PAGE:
[ROME]. POLENI, Giovanni. Memorie Istoriche Della Gran Cupola Del Tempio Vaticano E De' Danni Di Essa , E De' Ristoramenti Loro Divise In Libri Cinque.

Padova, Nella Stamperia del Seminario, 1748.

£3955


Folio (460 x 325 mm). Five books in one volume. Contemporary quarter calf over patterned paper-covered boards, brown morocco and gilt lettering piece to the spine, all edges speckled red; pp. [8], 118 leaves paginated in four columns recto and verso, apart from the final leaf which is paginated on the recto only, the pagination includes 9 folding, etched plates lettered A-G, H-K, 19 folding, etched plates hors-texte, numbered I-XIX; the binding rather rubbed at the extremities, the corners bumped, with some loss of the paper covering the boards, internally a bright, crisp copy.

Provenance: 1. John Lewis Wolfe (1798-1881), architect and stockbroker, with his ink signature dated Rome, 1822, to the upper margin of the title 2. Joseph Gwilt (1784-1863), architect, with his engraved armorial bookplate to the front pastedown. 3. Sir Albert Richardson P.R.A. (1880-1964), architect, author and teacher, with his engraved bookplate to the front pastedown and his ink signature dated 1907 to the recto of the ffep.

While the overall design of St. Peter's in Rome was Michelangelo's, work on the building continued throughout the sixteenth and seventeenth centuries under a number of architects, each modifying the original design to a greater or lesser degree. The dome itself was left unfinished at the time of Michelangelo's death in 1564 and work on it was continued, first by Vignola, and then by Giacomo della Porta, the latter altering the profile of the dome to improve its stability. Nevertheless cracks appeared almost immediately upon its completion. Work on the nave and the façade of the building by Carlo Maderno and then Bernini probably contributed to a further weakening of the dome, a problem exacerbated by earthquakes occurring in 1703 and 1730. Nothing, however, was done to address the problem until the election of Benedict XIV as Pope in 1740. He appointed four successive commissions to report in exhaustive detail on the fabric of the entire building, the conclusion on each occasion being that in general the structure was basically sound and in particular that there was no danger of the dome collapsing. It wasn't until a fifth commission of twenty-nine experts under Giovanni Poleni, the Professor of Mathematics at the University of Padua, that a number of solutions were proposed: these included, as James Lees-Milne notes, 'substituting copper for lead on the dome, … filling up the spaces made for Bernini's staircases to the loggias within the four crossing piers, … strengthening the buttresses of the drum, and removing the lantern.' In the end it was Poleni's own proposal that prevailed, advising that the worst cracks should be filled and that the dome be encircled at strategic points with iron trusses; the positions of these may be seen in Plate K of the present volume. The work was carried out between 1743 and 1744 by the architect Luigi Vanvitelli. The Memorie was commissioned by Benedict in 1745 as record of the remedial works and comprises a history of the dome, details of the work of the fifth commission and the solution. The etched plates and ornaments are by Pietro Monaco after drawings by Poleni and Antonio Visentini respectively. According to Poleni himself only 700 copies of the Memorie, were printed.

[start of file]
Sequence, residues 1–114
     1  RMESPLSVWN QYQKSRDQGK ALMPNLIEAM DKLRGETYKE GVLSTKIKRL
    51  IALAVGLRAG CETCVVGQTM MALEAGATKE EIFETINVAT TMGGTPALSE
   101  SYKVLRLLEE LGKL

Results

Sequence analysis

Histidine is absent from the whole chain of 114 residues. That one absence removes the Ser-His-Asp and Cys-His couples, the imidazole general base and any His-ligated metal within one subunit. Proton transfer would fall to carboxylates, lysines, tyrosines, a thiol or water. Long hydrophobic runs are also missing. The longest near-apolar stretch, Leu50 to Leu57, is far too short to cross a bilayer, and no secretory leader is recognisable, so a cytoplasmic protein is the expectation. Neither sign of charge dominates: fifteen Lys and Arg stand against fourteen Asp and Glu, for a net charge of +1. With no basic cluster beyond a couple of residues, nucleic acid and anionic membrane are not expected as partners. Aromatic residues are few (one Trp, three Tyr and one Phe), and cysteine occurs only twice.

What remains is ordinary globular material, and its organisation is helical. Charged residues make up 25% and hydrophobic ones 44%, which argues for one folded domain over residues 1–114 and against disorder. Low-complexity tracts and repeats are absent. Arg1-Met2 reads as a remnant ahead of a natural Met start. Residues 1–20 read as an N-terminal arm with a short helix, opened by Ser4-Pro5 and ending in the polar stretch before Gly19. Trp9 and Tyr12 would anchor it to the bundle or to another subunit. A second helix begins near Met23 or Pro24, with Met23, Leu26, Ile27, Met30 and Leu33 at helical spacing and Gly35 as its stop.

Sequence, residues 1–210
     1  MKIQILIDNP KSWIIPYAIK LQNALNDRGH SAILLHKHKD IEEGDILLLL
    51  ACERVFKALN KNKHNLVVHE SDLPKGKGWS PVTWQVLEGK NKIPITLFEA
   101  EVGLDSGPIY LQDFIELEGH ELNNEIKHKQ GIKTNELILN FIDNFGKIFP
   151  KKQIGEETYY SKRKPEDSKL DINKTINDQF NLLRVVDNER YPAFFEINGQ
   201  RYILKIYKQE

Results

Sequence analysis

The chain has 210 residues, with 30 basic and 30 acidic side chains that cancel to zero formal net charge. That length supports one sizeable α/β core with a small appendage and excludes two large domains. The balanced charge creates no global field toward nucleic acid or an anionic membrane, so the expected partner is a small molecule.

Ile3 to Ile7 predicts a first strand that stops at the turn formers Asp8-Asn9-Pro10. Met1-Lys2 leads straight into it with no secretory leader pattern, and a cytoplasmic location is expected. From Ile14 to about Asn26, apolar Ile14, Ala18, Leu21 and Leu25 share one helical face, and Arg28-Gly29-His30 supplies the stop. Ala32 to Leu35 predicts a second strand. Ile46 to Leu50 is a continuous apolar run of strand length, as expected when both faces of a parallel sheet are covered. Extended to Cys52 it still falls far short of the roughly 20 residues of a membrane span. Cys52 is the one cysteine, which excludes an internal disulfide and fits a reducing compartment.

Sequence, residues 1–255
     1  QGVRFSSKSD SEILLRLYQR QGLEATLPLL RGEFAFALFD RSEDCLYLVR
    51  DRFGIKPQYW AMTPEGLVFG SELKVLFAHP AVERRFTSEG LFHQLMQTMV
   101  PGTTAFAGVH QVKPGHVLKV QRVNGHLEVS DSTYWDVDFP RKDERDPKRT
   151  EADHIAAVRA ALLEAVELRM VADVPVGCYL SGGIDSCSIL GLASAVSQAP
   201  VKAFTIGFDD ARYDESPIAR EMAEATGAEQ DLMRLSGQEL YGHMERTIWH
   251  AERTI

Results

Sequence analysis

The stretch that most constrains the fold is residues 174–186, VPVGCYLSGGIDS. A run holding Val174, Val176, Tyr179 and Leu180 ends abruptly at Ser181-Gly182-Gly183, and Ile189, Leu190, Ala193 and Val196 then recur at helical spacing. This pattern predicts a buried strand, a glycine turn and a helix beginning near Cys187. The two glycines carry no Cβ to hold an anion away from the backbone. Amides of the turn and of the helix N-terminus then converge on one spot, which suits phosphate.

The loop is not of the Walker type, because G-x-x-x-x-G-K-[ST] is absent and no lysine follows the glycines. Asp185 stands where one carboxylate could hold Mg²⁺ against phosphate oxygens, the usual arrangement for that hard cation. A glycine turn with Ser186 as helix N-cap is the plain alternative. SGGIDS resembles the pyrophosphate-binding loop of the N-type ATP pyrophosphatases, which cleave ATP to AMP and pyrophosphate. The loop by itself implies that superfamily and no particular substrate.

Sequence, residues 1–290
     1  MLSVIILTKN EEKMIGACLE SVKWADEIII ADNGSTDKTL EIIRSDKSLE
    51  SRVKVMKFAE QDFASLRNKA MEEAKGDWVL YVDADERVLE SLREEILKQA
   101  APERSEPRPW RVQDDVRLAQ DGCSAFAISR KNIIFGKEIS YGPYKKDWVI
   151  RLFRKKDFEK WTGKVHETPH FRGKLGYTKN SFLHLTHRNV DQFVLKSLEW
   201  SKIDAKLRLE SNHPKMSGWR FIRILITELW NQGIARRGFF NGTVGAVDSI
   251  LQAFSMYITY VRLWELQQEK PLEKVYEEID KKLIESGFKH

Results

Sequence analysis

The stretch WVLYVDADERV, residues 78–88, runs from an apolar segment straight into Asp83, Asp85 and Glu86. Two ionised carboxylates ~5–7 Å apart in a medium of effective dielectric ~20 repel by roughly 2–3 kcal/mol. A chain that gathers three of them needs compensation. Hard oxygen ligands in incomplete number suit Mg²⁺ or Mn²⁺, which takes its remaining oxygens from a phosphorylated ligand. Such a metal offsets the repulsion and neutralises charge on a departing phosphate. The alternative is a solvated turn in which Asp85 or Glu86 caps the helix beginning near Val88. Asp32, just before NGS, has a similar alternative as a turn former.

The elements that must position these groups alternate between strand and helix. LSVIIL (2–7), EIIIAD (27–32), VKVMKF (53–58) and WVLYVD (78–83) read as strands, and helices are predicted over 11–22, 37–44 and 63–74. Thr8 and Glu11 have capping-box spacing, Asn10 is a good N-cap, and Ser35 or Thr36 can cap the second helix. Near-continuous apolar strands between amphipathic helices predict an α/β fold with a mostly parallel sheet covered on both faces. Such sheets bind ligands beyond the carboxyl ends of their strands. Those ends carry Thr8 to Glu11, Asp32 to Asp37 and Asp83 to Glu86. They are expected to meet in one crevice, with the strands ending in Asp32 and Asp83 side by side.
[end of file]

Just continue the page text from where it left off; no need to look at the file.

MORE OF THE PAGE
The present work has an interesting provenance having belonged to the architect, James Lewis Wolfe. It appears to have been purchased by him in Rome in 1822 at the end of a tour of Europe in the company of fellow architects that included Thomas Leverton Donaldson, the co-founder and first President of the R.I.B.A. Subsequently the volume seems to have found its way into the library of the architect Joseph Gwilt, to whom Wolfe had been articled in 1813. Wolfe's architectural career was short, concluding when he joined his brother's newly established company as a stockbroker, the pair establishing a highly successful business that continued until 1848. An interest in architecture, however, was continued by James, acting as adviser to his close friend, the architect Charles Barry. The design of the latter's Travellers' Club and the Reform Club both in London, owe much to Wolfe who had encouraged Barry to make a close study of the principal Renaissance buildings of Florence and Rome. In 1907 the volume was acquired by Sir Albert Richardson.

Lees-Milne, James. St. Peter's. Hamish Hamilton, 1967.

BAL Early Printed Books 2588

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